Home DNA AncestorMyHeritage: Why Brothers and Sisters Have Different DNA Test Results
MyHeritage: Why Brothers and Sisters Have Different DNA Test Results

MyHeritage: Why Brothers and Sisters Have Different DNA Test Results

Based on viewers’ comments.


8 thoughts on “MyHeritage: Why Brothers and Sisters Have Different DNA Test Results

  1. linda1541 says:

    I just read an interesting article that explains it well . You inherited 50% DNA from your mother and 50% DNA from your father. But your sister may not inherit the same 50% from each parent as you did. I find this all very interesting . The DNA from each parent is totally random.

  2. What kind of camera do you use?

  3. Candice says:

    Brothers hold the Paternal DNA (Fathers side), and Sisters hold the Maternal DNA (Mothers side), but all in all, we all hold the DNA of both sides, but it costs more to find out more of the results, of the opposite sides.

  4. Actually, ethnicity results are based on autosomal chromosomes, not sex chromosomes. The real reason why siblings receive different results is because DNA isn't passed down evenly between siblings

  5. Movie Buff says:

    This is where I found the 23 & Me test was useful because it gave the haplogroup & being male you get to see both the Y-DNA & mt-DNA.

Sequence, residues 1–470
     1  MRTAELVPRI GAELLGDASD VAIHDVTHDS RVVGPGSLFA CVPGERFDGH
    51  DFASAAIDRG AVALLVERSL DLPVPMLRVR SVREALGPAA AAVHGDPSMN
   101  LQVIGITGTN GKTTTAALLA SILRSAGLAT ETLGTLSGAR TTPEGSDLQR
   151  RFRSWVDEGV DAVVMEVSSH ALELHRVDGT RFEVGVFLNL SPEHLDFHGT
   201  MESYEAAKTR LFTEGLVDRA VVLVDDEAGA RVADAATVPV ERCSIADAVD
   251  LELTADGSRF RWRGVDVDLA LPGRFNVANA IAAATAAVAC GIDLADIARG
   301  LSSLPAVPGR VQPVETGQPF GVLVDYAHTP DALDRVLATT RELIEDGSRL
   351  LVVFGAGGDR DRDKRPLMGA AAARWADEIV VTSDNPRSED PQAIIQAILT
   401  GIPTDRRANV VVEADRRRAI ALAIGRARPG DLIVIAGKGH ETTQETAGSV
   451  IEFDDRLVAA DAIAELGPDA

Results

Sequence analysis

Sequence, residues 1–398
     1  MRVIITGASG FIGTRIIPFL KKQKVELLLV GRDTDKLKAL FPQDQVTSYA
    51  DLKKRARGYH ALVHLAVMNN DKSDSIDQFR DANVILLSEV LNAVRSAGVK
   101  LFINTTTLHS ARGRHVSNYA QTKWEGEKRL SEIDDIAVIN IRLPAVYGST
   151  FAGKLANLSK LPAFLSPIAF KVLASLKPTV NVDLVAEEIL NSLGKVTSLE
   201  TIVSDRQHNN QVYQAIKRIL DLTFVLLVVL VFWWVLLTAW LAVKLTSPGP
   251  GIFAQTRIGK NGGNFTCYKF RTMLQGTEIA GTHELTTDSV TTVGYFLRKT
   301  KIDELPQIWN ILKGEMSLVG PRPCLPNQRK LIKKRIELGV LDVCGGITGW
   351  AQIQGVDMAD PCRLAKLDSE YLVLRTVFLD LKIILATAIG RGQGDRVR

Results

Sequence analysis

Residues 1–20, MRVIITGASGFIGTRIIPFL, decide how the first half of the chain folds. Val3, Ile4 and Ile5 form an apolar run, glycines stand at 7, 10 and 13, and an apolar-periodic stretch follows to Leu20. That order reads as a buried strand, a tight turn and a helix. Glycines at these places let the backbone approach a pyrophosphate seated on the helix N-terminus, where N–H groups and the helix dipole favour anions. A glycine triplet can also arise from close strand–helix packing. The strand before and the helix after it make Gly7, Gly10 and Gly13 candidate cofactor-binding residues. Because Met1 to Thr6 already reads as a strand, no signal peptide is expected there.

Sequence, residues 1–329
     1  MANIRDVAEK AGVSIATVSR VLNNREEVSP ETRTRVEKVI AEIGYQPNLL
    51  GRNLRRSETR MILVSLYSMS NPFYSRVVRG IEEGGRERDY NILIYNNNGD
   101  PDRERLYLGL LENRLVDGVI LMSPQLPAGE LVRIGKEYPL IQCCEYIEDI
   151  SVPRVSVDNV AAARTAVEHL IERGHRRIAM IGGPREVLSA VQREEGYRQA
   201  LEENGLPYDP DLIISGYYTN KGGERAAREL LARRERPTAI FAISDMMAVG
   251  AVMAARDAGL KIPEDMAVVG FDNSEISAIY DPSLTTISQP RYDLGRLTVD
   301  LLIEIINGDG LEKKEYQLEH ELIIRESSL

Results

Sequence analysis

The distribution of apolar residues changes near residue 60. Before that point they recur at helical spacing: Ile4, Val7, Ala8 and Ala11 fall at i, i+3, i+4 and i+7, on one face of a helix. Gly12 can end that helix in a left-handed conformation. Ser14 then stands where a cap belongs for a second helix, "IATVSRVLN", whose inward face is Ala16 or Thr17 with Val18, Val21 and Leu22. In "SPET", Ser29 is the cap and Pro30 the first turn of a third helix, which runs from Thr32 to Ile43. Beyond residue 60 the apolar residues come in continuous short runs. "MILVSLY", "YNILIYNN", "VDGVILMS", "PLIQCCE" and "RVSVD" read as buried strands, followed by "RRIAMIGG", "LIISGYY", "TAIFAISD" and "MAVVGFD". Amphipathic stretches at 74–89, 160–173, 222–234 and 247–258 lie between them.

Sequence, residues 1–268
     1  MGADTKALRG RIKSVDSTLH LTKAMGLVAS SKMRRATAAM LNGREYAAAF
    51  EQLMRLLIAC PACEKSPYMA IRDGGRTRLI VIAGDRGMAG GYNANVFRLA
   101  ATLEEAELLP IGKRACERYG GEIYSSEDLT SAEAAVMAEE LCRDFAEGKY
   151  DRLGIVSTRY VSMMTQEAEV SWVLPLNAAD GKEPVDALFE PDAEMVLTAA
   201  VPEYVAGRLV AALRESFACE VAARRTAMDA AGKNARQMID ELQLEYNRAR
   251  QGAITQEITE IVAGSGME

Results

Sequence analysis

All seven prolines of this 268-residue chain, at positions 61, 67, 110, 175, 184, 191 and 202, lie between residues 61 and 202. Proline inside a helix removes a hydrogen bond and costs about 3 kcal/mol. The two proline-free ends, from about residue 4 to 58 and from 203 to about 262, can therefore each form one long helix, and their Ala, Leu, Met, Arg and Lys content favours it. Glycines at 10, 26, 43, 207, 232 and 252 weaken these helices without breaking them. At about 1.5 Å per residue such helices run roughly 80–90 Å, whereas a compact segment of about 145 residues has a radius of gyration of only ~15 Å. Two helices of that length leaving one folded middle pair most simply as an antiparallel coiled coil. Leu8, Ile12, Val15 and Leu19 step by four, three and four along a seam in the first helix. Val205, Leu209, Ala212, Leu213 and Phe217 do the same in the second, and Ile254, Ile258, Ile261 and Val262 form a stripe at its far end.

6. You should take the same DNA test as your sister. It’s my understanding that test results from different companies can vary. This way you compare apples to apples. Just my humble opinion.

  7. Greetings Nick. A sibling having different results from another sibling has nothing to do with the sex chromosomes as what some viewers think. Autosomal tests including the big vendors (e.g., 23 and me, Ancestry DNA) provides information regarding ancestry from both parents and after the first generation, it is completely random. So, if someone has mixed ancestry, two siblings (regardless if there are brother/sister, sister/sister) will likely have different results because of the randomness of genetic inheritance. Moreover, even though children inherit 50% from each parent, you don’t know what exactly 50% of ancestry you’re are inheriting from each parent. Also, it is not strange to see a parent have a genetic cousin match and this cousin match does not match the child. All this means is that the child did not inherit DNA from the common ancestor but the cousin is still family from a genealogical perspective.

  8. I hope your father got his results. I'm really curious for some reason.

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